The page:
Worrying signs as Mirisim tribunal hit by failings

As Leadership Tribunals go they don’t come much bigger than this. A current Defence Minister and two-term MP, facing twenty-two charges of misconduct in office, including tax evasion, undeclared income, hidden beneficial ownerships in businesses awarded District contracts, falsification of official documents and interference in due process.

It is so big in fact the prosecution is being handled by the Public Prosector himself, not one of his staff, and one of the first witnesses called to give evidence was the Chief Ombudsman. Men at the very pinnacle of their careers and at the top of their professions.

All of which accentuates the concern and angst that the prosecution of Defence Minister, Solan Mirisim has been hit by a series of calamities.

Over the past two weeks, the Ombudsman Commission and Public Prosecutor have seen key elements of their case against the government Minister and Telefomin MP being struck out as a result of procedural errors that, raise very serious questions about the competence of those involved.

First, the prosecution failed to include two key letters, allegedly written by the Minister, interfering in the appointment of a new Defence Secretary, in the evidence disclosed to defence lawyers at the start of the hearing. In the letters, sent to secretary for the Department of Personnel Management in November 2017, and to the Public Service Minister in January 2018, the Minister allegedly called for a submission to the National Executive Council to be withdrawn.

The letters were key to establishing the prosecution case that Mirisim attempted to interfere in the process, but, as a result of the prosecutions failure to disclose the letters, the Tribunal has refused to accept them into evidence. How could such a rookie error be made by a senior prosecutor? It defies explanation.

The Tribunal also refused a request from the Public Prosecutor to issue its own direction to Chief Ombudsman to produce the letters. In turning down the request, the Tribunal Chair, Justice Gavara, rather scathingly, remarked it was not the Tribunal’s role to collect evidence and the task of proving the allegations rested with the prosecution.

This setback for the prosecution was followed days later by another. On July 28, the Tribunal struck out two statements of reasons contained in an affidavit filed by the Internal Revenue Commission on the grounds they were presented without supporting documents.

The two statements related to allegations the Minister failed to lodge Salary and Wages Tax, Corporate Income Tax and Goods and Services Tax in relation to his businesses.

As a result of this evidence being lost, the tribunal then dismissed three of the charges against Mirisim relating to the lodging of different tax returns. More rookie errors, that would embarrass an aspiring law student.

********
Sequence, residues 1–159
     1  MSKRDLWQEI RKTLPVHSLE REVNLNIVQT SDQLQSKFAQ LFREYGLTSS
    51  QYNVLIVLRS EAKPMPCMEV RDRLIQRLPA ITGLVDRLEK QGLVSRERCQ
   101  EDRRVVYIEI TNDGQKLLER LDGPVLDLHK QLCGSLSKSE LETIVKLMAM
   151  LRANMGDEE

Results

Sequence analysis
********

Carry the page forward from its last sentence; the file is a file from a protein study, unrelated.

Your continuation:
On a more positive note for the prosecution, the tribunal has refused an application from Mirisim’s lawyer, Greg Sheppard, for all the remaining 18 charges against his client to be dismissed for lack of evidence.

The hearing is set to resume on 16 August for Mirisim to present his defence. He has already pleaded guilty on one charge of providing an incorrect date of birth for his spouse and children on his annual statements.

The Minister was originally referred to the Office of the Public Prosecutor by the Ombudsman Commission on 22 charges of misconduct in office in November 2020. The Public Prosecutor, being satisfied there was a prima facie case, then referred the charges to the Chief Justice to put before a Leadership Tribunal.

The original allegations included failure to submit annual statements (for 2012/13, 2013-14 and 2014-15), failure to declare personal income and payments into his bank account and payments to his spouse, use of his official position for personal benefits, failure to declare an interest in Rain Fox Trading and the Motop Business Group, both of which were engaged by Telefomin District to implement projects funded by the district, failure to lodge taxes for Motop Business Group, and interference in the selection and appointment of the Secretary of Defence.

The tribunal is not considering a more recent allegation, made by the Forest Authority, that Mirisim, in his former role as Minister for Forests, issued an illegal logging permit.

The Minister is currently suspended from office under the provisions of the Organic Law on the Duties and Responsibilities of a Leader, while the allegations against him are being considered by the Leadership Tribunal.